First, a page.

Anxiety in Teens & How You Can Help

Navigating anxiety in teenagers can be challenging. Coach Richard Andrews outlines key symptoms to watch for and offers practical guidance to support your teen effectively.

We're all anxious from time to time, but how can we know if our children's anxiety is something more? Anxiety in children can be caused by many factors including: bereavement or other traumatic events; changes such as moving house, starting a new school or conflict at home or within their friendship circle. Another major factor in teen mental health is social media and its effects on their self-esteem, relationships, and behaviour. Constant exposure to curated content, comparison with others, cyberbullying, and the pressure to maintain an online image can contribute to feelings of inadequacy, anxiety, and depression. Moreover, excessive screen time can disrupt sleep patterns and hinder real-life social interactions.

On a biological front, teenagers often become more socially anxious as they come to terms with the changes that are happening to them and, of course, some people are just naturally more anxious.

In children and teens, anxiety can play out as:

  • Being clingy
  • Overly irritable
  • Crying and worrying
  • Sleep problems, including bad dreams, waking up in the night and even reverting to wetting the bed
  • Appearing angry
  • Being unwilling to try new things, even if they seem simple to you
  • Social withdrawal
  • Avoidance behaviours
  • Having negative thoughts
  • Changes in appetite
  • Panick attacks

Of course, any of these symptoms could be part of the normal behaviour of any child, but if they are severe, persistent and interfere with your teen’s normal daily life (or your normal, daily life!), it might be time to some action. Here are some ideas for giving emotional support that might help, and a few practical tips:

Emotional Support

Acknowledge their feelings - Rather than try to convince them not to be anxious, let them know that it's ok for them to feel the way they do and that you understand.

Reassure them - Let your child know that you're there to listen and to help.

Ask them what they think might help - Remember, you don't have to have all the answers - teenagers can often come up with ideas to help themselves if you encourage them. Sometimes just opening up the conversation can help.

Don't avoid difficult situations – Unfortunately, avoiding the situations that cause anxiety won't help in the long run. Avoidance sends a message that anxiety will prevent them from doing normal things like everyone else. Instead, try to help them focus on their feelings, and encourage them to talk about them. This should gradually help to build their resilience.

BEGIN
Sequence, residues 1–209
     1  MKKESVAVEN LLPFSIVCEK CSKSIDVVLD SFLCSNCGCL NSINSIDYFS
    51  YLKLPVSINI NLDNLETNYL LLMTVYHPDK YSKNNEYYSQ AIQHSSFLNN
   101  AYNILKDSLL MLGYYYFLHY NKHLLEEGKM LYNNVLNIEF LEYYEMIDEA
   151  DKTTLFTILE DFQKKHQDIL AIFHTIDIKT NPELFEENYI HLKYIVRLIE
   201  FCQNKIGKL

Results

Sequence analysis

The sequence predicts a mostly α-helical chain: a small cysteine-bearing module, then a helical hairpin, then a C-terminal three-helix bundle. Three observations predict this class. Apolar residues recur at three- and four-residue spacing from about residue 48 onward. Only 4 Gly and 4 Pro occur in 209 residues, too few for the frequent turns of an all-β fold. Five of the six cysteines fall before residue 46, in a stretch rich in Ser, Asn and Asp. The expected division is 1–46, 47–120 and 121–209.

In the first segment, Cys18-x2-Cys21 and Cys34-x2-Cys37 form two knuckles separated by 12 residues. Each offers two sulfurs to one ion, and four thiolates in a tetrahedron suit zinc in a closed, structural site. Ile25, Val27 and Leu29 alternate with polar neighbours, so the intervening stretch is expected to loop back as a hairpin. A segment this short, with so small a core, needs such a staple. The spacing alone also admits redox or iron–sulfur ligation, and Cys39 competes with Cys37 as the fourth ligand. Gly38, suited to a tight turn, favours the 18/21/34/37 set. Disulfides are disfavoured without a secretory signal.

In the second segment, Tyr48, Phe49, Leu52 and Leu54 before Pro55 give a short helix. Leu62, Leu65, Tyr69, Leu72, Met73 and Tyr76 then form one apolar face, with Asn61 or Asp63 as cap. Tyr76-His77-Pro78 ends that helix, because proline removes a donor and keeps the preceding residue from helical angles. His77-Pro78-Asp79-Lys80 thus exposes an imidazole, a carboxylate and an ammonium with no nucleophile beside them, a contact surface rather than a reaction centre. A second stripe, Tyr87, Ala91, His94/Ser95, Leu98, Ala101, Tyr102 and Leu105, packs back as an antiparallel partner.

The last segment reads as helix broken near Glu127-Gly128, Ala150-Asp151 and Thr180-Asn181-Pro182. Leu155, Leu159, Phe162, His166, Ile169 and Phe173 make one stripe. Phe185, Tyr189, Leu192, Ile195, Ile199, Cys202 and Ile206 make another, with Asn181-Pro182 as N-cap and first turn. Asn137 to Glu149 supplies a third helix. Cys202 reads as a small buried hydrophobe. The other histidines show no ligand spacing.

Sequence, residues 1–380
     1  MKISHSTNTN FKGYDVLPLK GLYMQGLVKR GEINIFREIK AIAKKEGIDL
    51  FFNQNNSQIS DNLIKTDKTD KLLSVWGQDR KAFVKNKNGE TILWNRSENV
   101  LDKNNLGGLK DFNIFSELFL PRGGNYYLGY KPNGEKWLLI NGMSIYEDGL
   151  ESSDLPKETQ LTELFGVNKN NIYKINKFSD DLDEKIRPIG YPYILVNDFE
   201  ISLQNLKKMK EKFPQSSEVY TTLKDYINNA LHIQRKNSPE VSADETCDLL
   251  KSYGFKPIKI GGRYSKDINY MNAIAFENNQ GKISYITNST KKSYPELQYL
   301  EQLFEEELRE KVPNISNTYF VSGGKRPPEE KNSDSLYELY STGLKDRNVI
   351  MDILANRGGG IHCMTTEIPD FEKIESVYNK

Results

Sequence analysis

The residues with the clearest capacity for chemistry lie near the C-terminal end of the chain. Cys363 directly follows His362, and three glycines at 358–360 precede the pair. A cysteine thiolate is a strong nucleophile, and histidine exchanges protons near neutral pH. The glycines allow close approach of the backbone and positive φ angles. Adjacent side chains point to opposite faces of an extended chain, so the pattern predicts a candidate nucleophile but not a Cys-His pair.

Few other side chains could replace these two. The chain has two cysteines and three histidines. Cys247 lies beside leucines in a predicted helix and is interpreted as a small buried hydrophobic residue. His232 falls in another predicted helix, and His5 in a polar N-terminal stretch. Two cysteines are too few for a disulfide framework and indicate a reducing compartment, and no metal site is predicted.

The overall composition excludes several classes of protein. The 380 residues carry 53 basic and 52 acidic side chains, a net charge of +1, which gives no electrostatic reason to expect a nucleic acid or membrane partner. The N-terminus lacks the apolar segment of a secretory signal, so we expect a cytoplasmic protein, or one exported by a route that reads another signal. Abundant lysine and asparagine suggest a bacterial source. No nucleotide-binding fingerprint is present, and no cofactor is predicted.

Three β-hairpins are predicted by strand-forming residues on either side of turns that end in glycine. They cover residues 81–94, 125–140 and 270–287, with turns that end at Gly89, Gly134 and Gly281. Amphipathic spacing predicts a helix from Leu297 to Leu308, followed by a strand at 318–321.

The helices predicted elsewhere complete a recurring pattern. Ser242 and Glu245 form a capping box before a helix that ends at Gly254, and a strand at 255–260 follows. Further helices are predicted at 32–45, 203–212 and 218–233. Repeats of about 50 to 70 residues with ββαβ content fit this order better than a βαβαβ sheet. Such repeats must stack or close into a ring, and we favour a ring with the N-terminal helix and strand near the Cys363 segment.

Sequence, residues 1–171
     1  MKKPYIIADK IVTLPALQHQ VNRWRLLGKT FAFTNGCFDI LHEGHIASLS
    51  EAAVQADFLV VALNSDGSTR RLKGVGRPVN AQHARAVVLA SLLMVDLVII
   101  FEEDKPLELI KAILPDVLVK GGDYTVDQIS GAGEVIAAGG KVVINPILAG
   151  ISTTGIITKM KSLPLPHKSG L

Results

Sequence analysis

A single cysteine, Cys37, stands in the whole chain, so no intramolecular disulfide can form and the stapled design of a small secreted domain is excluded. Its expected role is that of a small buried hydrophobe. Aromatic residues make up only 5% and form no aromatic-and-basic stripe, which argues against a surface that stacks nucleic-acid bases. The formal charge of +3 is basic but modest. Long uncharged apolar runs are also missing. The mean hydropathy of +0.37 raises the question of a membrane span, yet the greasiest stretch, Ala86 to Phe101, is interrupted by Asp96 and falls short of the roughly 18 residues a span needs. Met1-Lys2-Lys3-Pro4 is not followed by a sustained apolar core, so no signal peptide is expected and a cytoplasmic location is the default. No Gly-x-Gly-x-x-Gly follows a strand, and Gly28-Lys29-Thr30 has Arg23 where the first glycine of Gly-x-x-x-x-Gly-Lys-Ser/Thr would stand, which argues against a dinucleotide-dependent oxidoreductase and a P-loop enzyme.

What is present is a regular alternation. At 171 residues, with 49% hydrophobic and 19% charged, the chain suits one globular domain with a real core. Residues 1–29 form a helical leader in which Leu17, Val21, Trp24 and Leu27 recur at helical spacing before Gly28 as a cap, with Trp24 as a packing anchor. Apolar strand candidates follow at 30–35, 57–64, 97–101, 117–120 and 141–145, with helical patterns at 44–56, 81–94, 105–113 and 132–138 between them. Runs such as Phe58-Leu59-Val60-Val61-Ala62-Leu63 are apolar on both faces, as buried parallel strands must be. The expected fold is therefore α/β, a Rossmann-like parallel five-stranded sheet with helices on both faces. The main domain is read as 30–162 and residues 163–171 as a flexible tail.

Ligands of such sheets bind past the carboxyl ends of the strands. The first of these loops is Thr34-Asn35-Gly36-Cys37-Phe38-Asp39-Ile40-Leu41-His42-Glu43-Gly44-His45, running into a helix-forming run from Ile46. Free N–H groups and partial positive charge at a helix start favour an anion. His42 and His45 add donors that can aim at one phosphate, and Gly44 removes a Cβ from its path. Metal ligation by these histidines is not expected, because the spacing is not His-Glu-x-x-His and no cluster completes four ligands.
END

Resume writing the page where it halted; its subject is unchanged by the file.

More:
Practical Tips

Keep the worries in their place - Encourage your child to have a particular time of day to think about their worries. Some children may wish to draw or write them down and put them away in a box. If they like writing they may value keeping a diary, thinking about how they have felt during the day: when was it bad and when was it ok, and what made it like that? All these tips can help your child feel more in control of their anxiety.

Help your teen to become more aware of when they are beginning to feel anxious - Encouraging them to spot the signs puts them more in control and gives them a better chance of seeking help.

Recognise that the anxiety comes and goes - Help your child to understand that the anxiety is not constant - it arrives, but also passes. Once they recognise that the anxiety will eventually disappear again, it becomes easier to deal with and manage.

Don't inadvertently feed their anxiety - Ask: "How do you feel about the test?", not "Are you worried about the test?"

Talk about the worry and make a plan - Work through the situation and think about what might happen - make a plan. If your child is worried that you will be late picking them up from school, ask them to think about what they would do. Perhaps they would speak to the duty teacher who would be able to look after them until you arrive or perhaps give you a call. Again, having a plan puts your child more in control.

Talk about something else - Distracting your child by talking about something else can help. Simple games can help keep their mind off their anxiety.

Use breathing to calm down - Try breathing deeply and slowly with your child - this is known to have a soothing effect.

Focus on positives - Particularly at bedtime, it can be helpful to make a point of talking about good things. Ask what made your child happy that day or about something that they may be looking forward to, like a day out.

Give them a hug - It usually helps!

If your child's anxiety does not improve, despite trying these techniques, consider seeking professional help: It will probably be helpful to liaise with staff at your child's school, particularly the Guidance Teacher or School Nurse. You also may want to consider getting advice from your GP.


Following a career in The City, Richard became a full-time executive coach. He has also volunteered as a call-taker at Parentline for more than 16 years.